Sage of a Star Fish: Participative Design of Sustainable Institutions for Natural Resource Management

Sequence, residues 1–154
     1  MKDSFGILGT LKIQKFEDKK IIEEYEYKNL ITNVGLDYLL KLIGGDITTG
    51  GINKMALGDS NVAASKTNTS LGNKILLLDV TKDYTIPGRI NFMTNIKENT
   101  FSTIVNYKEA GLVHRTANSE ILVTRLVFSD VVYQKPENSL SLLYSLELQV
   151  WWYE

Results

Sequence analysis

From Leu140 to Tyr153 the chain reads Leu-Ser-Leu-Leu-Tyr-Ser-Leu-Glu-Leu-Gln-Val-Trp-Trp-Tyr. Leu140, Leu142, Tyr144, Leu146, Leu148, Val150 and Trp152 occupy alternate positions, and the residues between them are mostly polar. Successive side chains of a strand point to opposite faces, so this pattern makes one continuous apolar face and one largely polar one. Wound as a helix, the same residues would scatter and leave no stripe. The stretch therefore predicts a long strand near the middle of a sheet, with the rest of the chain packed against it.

Management of natural resources requires reconciliation in the conflicting world views of different stake holders. The conflicts emerge because of the variation in (a) the perception of nature, (b) associated socio-ecological interactions and (c) the ethical values generating respect for non voting members of our society. It is not easy to design institutions for collective action such that resources are managed not only for the current generation but also in a manner that options of future generations are not compromised. An organization becomes an institution when its members use internal commands (i.e. the directions for action emanating from within one self) instead of external demands (i.e. external regulation or direction for individual action). The cultural conditions in both the cases are very different. The paper provides discussion on the issues which affect ‘Our’ participation in ‘Peoples’ organizations and institutions in part one. Much of the literature on participation deals with the opposite, i.e. how people participate in the organizations designed by us. The eco-sociological perspective for survival of households over space, season and sector is given in part two. The nature of risks and the strategies for coping with the same are described. The relationship between culture and ecology is discussed in the light of eco-specificity of social interactions in part three. The problem of collective action, the role of risk and redundancy, and resource diversification are discussed in part four. The Eco-Institutional model dealing with interactions between access, assurances, ability and attitudes of the households with ecological resources, institutions, technology and culture and described in part five. How local creativity and innovative potential can become the building block of future development is discussed in part six. How institutions designed on the basis of alternative eco-ethics generate accountability to people and encourage people to people learning is illustrated with the help of the case of Honey Bee network. This global network of innovators at grassroots level builds upon the local excellence, and urge to experiment and evolve technology and institutions for sustainable resource use. The role played by the process of monitoring the collective action by different stake holders is given in part seven. In part eight, the linkages for lateral learning with particular reference to biodiversity are outline. In part nine, the lessons and issues for becoming accountable to people are summarized. The ethical issues in farmer participatory research and implications of scaling up the peoples’ organization are brought out in part ten. In the annexure, a discussion on the philosophy of sustainability is presented.
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